Geneva parliament approves new museum after heated debate
After lengthy debate and years after it was first proposed, the city authorities in Geneva have approved the construction of a new ethnographic museum.
The project is expected to cost SFr103 million ($61 million), and over half of the funding will come from the municipality. The sum is higher than anticipated, but objections to the project were not only on financial grounds.
A Christian Democrat member of the city parliament, Guy Mettan, said the new building would clash with the 19th century architectural style of the proposed site, in Geneva's Tranchées quarter. He suggested that a more appropriate location would have been near the European headquarters of the United Nations, where land was available.
Another parliamentarian, Evelyne Strubin, criticised the proposed architectural concept, saying it did not allow for any future extensions to the building. She also said its impact on the surrounding area would be architecturally "disastrous".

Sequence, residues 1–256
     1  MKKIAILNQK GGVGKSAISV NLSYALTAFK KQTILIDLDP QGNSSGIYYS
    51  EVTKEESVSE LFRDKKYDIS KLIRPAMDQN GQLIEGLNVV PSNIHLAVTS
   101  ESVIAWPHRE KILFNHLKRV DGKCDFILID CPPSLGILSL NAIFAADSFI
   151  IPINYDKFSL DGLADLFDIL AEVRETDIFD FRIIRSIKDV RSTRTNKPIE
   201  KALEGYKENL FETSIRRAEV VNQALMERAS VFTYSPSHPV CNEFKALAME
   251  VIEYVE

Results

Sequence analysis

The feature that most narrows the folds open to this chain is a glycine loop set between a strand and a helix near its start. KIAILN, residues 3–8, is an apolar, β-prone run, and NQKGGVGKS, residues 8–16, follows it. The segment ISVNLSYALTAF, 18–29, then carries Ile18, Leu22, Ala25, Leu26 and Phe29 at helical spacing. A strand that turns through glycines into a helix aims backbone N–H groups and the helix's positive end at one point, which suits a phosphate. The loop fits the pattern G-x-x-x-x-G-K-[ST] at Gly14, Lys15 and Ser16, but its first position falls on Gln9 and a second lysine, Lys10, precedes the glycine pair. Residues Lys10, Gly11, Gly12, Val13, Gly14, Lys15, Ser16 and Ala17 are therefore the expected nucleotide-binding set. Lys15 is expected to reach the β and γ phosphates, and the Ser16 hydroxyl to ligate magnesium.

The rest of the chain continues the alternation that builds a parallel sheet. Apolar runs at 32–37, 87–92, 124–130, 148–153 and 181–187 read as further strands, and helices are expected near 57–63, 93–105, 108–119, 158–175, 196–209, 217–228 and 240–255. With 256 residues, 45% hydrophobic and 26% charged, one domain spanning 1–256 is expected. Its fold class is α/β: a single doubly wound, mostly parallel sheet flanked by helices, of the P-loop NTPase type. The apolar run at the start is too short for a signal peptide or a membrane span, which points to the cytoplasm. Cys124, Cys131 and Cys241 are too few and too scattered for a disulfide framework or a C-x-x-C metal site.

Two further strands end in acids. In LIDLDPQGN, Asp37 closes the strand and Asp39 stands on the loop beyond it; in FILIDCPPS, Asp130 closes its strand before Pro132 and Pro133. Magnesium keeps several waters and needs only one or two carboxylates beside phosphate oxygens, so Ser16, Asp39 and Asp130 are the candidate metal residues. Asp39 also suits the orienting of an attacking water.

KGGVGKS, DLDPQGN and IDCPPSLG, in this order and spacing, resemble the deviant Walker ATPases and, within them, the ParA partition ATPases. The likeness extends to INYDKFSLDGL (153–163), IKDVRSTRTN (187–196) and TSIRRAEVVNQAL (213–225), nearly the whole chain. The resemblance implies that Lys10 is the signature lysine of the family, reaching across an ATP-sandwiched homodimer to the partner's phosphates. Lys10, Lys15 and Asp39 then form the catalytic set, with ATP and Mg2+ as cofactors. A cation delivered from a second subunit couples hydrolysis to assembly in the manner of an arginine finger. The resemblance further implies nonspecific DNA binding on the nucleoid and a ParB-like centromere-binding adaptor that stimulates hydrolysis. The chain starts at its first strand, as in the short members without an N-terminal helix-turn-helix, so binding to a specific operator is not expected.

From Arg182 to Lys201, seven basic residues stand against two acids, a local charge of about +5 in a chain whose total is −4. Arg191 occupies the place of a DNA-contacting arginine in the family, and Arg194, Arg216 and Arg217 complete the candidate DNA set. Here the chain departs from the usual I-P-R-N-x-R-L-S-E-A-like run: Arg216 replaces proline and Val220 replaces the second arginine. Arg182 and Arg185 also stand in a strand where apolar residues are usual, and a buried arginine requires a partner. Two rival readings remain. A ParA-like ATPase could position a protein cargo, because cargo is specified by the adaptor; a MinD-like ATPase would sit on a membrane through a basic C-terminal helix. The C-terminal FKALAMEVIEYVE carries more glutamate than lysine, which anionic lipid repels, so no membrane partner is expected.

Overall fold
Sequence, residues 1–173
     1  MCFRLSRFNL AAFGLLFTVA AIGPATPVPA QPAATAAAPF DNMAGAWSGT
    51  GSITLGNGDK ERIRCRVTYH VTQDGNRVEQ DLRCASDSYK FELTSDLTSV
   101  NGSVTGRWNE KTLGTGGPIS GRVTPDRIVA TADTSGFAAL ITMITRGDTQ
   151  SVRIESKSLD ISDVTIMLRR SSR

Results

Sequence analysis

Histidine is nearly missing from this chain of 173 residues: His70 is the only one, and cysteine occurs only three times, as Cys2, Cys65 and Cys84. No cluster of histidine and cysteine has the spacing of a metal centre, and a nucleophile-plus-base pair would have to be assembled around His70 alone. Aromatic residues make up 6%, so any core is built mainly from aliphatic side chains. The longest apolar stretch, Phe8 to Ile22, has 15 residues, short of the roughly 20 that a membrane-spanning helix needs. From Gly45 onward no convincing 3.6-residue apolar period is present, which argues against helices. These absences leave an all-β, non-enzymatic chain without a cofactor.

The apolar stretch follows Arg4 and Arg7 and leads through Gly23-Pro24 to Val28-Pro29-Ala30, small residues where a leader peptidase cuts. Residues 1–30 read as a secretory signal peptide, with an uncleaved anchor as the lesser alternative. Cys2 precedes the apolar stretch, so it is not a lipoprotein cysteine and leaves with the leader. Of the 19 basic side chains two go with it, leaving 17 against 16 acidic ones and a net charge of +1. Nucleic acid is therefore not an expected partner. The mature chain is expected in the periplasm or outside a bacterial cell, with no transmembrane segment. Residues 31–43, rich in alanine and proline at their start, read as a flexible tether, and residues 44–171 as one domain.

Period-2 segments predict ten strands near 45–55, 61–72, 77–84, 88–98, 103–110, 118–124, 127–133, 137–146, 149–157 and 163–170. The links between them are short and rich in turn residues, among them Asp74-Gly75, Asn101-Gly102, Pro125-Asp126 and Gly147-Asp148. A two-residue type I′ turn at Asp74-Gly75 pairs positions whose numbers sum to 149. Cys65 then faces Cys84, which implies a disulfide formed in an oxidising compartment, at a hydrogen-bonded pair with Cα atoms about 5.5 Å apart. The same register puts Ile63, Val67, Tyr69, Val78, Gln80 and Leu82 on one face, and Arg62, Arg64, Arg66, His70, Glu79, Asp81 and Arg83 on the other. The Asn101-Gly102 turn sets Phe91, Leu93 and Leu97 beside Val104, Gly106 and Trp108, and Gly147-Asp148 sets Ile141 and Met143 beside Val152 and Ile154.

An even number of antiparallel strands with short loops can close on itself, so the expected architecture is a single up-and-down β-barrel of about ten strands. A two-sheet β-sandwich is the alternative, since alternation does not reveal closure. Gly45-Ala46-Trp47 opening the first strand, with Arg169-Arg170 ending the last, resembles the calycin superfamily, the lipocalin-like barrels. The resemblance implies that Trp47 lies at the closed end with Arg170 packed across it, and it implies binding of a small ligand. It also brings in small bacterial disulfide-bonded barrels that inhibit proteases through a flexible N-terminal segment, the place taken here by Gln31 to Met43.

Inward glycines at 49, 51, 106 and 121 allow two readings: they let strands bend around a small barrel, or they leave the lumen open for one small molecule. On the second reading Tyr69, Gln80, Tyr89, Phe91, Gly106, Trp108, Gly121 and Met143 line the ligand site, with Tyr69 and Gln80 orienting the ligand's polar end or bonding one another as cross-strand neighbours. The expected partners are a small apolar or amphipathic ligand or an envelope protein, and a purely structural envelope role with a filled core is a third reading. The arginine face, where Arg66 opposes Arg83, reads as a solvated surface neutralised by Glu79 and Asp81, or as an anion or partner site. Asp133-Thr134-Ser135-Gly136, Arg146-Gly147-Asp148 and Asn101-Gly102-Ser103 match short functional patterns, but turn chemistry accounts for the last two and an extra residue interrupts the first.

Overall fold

The criticisms were rejected by Alain Vaissade, city mayor and head of the cultural affairs department. He said building extensions would be possible, and added that it was clear from the architectural plans that the new museum would in fact blend perfectly with nearby buildings.
Opponents of the project are now considering whether to call a referendum so that the people of Geneva can make a final decision on the project.
The existing ethnographic museum - in a former school building since 1941- is considered much too small. It has space to exhibit only five per cent of its collections, which include many cultural items reflecting Geneva's relationship with the rest of the world.
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